Then we can calculate on all billion values at the same time, in superposition. In the above equation, using HHL, we start with our data in the superposition of \(|b\rangle\), and end with the superposition of all results in \(|x\rangle\). The catch, as in all quantum algorithms, is that we can’t extract all of the data values. Instead, once again, we design our algorithm to create interference in a pattern that tells us something about the original data distribution. For example, we can learn that the 1,117th entry in the vector \(x\) is the largest data element. Or, treating the whole data set as a vector in an \(n\)-dimensional space (in this case, a 30-dimensional space), we can find the distance between \(|x\rangle\) and some other vector \(|z\rangle\).

If we use HHL properly for certain tasks, it is exponentionally faster than the best known classical algorithm for the same task. However, there are caveats to achieving that performance, and researchers have not yet been able to rule out that efficient classical algorithms exist for the same tasks when all of the constraints are taken into account.


An important caveat is the preparation of the vector \(|b\rangle\) containing our original data. If it is a superposition of data values we have stored in a classical computer, then it can take a billion time steps to create a superposition of all billion values, and we have discarded our quantum algorithm’s performance advantage. This is the basis of our assertion in the first week that quantum computers in general aren’t good at big data problems.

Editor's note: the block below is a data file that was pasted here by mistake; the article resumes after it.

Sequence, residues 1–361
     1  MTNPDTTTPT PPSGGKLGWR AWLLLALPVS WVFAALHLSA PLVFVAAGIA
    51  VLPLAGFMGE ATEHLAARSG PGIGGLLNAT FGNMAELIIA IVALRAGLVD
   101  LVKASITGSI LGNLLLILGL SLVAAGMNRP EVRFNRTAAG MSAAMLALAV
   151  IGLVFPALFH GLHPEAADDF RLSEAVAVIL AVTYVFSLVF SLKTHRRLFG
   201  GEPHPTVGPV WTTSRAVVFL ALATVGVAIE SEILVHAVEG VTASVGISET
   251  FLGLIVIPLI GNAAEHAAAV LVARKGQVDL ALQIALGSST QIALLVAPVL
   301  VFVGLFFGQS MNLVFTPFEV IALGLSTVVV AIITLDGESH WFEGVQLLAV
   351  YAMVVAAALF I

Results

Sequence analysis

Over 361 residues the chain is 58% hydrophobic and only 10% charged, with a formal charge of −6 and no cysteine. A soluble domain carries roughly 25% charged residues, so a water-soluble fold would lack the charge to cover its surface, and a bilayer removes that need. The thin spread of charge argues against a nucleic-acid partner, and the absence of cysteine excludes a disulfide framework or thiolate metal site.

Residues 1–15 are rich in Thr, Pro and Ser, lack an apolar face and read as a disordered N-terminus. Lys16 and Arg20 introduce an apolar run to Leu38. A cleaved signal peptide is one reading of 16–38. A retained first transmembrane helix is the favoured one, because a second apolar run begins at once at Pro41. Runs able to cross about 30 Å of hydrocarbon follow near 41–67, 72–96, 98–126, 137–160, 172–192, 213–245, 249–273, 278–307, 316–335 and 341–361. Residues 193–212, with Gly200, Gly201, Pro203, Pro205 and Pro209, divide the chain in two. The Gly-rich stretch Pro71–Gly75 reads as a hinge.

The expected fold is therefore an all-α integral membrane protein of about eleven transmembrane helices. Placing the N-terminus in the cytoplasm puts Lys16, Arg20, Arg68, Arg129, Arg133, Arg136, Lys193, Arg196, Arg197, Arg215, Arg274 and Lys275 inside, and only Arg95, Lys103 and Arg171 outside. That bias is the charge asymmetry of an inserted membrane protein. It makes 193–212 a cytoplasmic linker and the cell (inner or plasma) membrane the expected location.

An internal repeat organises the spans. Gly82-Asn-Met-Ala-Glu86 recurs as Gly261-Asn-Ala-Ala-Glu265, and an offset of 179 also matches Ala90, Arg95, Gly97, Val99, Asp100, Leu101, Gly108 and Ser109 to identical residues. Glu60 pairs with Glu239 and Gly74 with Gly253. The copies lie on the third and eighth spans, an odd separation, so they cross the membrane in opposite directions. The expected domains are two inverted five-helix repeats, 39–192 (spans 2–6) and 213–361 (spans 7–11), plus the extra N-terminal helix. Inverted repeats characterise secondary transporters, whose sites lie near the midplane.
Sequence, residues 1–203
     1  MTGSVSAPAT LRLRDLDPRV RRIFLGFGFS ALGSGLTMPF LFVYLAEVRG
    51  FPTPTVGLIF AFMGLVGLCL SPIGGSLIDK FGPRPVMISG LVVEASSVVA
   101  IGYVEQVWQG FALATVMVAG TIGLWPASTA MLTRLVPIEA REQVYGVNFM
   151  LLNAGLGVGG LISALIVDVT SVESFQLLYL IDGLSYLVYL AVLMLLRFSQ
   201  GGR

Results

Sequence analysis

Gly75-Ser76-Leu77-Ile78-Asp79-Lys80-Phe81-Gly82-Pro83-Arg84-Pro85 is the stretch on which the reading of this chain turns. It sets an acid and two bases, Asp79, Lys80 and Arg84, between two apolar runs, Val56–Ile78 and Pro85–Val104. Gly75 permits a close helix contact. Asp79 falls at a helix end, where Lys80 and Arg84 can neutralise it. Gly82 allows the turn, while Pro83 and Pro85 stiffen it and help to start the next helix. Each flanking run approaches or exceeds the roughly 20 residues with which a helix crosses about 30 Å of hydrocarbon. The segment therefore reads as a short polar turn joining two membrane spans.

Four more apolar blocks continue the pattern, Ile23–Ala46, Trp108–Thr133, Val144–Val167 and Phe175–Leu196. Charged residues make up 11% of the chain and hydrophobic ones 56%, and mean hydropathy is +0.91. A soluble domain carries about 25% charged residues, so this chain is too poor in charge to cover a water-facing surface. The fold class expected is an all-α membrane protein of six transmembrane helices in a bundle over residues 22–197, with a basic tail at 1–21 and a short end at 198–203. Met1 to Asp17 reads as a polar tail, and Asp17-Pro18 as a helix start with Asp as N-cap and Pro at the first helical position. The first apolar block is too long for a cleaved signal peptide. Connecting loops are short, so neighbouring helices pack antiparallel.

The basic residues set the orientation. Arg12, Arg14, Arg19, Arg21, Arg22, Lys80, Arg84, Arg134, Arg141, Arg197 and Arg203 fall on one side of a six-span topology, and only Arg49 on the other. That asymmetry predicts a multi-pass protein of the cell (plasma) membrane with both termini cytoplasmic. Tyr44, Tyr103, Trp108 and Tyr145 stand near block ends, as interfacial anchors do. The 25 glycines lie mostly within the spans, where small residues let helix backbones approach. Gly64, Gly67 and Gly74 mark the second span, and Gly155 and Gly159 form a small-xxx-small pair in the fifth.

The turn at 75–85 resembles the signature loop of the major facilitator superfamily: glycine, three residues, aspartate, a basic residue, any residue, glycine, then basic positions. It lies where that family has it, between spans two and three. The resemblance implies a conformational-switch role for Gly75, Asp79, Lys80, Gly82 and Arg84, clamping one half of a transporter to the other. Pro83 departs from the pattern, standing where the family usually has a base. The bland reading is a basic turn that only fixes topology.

However, Giovannetti, Lloyd and Maccone proposed piece of hardware that, if developed, could be used to prepare \(|b\rangle\) quickly: a quantum random access memory, or QRAM. In a normal (classical) memory (RAM), we give the memory an address, and it returns the value stored at that address. A QRAM is designed to hold classical data but allow quantum queries. If we can give it an address in superposition, and it returns us the data also in superposition, then we can create our superposition for \(|b\rangle\) using only a few Hadamard gates and a single query to the QRAM. Of course, the creation of the data itself requires \(O(N)\) time for \(N\) data items, but then we can run many programs repeatedly against the same data, amortizing that cost, as opposed to a purely quantum memory, where the superposition is destroyed on every run and we must recreate it.

Other algorithms

HHL planted the seed, but the more practical algorithms have been in follow-on work and in other work. Lloyd, Mohseni and Rebentrost created algorithms for supervised and unsupervised machine learning. Ambainis extended HHL to be more practical with complex datasets. HHL’s running time depends in part on the precision you need in the answer; Childs, Kothari and Somma showed how to reduce this dependence dramatically.

Within the field of quantum algorithms, quantum machine learning and more broadly quantum artificial intelligence, including such topics as quantum neural networks, is perhaps the fastest-moving area. Given the importance of the problems being attacked, if the dependence on large data sets can be resolved, quantum AI has the potential to drive the broad adoption of quantum computers.

Share this article:

This article is from the free online course:

Understanding Quantum Computers

Keio University